Fuel Ethanol Production from Corn Stover: Optimization of Steam Pretreatment and Improvement of Simultaneous Saccharification and Fermentation

University dissertation from Department of Chemical Engineering, Lund University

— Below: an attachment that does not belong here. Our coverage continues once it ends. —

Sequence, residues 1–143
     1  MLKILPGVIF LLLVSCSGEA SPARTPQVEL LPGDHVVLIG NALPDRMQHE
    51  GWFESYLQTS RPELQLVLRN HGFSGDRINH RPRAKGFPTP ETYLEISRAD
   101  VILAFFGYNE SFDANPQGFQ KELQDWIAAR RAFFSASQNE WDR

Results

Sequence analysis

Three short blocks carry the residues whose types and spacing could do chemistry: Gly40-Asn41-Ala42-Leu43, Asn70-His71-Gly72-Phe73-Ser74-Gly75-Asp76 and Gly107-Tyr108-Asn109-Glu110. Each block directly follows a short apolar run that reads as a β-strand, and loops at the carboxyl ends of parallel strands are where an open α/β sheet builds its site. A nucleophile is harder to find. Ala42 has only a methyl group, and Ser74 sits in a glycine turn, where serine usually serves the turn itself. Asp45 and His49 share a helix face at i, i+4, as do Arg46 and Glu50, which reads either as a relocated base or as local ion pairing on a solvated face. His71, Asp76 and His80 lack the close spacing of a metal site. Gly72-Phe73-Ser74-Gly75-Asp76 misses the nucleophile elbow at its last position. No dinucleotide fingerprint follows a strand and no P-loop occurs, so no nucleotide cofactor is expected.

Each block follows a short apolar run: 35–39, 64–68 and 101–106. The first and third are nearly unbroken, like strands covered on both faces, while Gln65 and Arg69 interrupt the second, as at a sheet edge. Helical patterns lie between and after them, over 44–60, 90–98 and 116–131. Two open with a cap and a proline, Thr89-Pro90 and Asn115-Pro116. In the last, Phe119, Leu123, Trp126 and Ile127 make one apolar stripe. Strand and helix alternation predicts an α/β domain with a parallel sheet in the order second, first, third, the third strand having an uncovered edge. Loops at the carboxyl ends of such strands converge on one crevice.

Abstract: Fuel ethanol, produced from biomass, could well be tomorrow's replacement for gasoline. This thesis deals with the production of fuel ethanol from corn stover using an enzymatic process consisting of the following main steps: steam pretreatment of the raw material, enzymatic hydrolysis, fermentation of the sugars and ethanol refining. SO2-catalysed steam pretreatment was shown to give high glucose and xylose yields after enzymatic hydrolysis. The pretreatment could be conducted at high dry matter content in the raw material (40%) with negligible effects on the sugar yields, making it possible to achieve a high ethanol concentration in the fermented broth, which will decrease the energy demand in the distillation step. Several ways of increasing the overall sugar yield were investigated. Delignification of the pretreated material increased the sugar yield in the enzymatic hydrolysis step, but resulted in sugar degradation, especially xylose, leading to a decrease in overall xylose yield and only a slight increase in overall glucose yield. Addition of xylanases to the enzymatic hydrolysis, on the other hand, increased the overall glucose and xylose yields significantly. A comparison of separate enzymatic hydrolysis and fermentation (SHF) and simultaneous saccharification and fermentation (SSF) showed that SSF resulted in a higher ethanol yield. Washing the solid material after pretreatment increased the overall ethanol yield in SHF but the yields obtained in SHF with washed material never reached the yields obtained with SSF of the whole pretreated slurry. Ways of increasing the overall ethanol yield and ethanol concentration after SSF were also investigated. By increasing the concentration of water-insoluble solids (WIS) in SSF from 5 to 10% the ethanol concentration was increased considerably, from 13 g/L to 25 g/L (using Saccharomyces cerevisiae), without a decrease in ethanol yield. Enzymatic prehydrolysis of the pretreated slurry prior to SSF decreased the viscosity of the slurry drastically, improving the possibility of increasing the total amount of sugars in SSF. However, this process configuration did not increase the overall ethanol yield.Corn stover contains around 23% xylan, which is not naturally fermented by Saccharomyces cerevisiae. A recombinant strain of S. cerevisiae (TMB3400) was used to co-ferment glucose and xylose during SSF. TMB3400 was shown to co-ferment xylose, giving high ethanol yields, at 5% WIS. At higher WIS (11%), complete co-fermentation was not achieved due to TMB3400's sensitivity to inhibitors. Both naturally occurring Saccharomyces cerevisiae and TMB3400 became more tolerant to inhibitor by cultivating the yeast in the liquid fraction obtained after pretreatment. Increased concentration of pretreatment liquid in the cultivation increased the inhibitor tolerance significantly, which resulted in higher ethanol productivity in SSF and thus a faster decrease in glucose concentration. This offers a promising prospect for complete xylose co-fermentation in the future.

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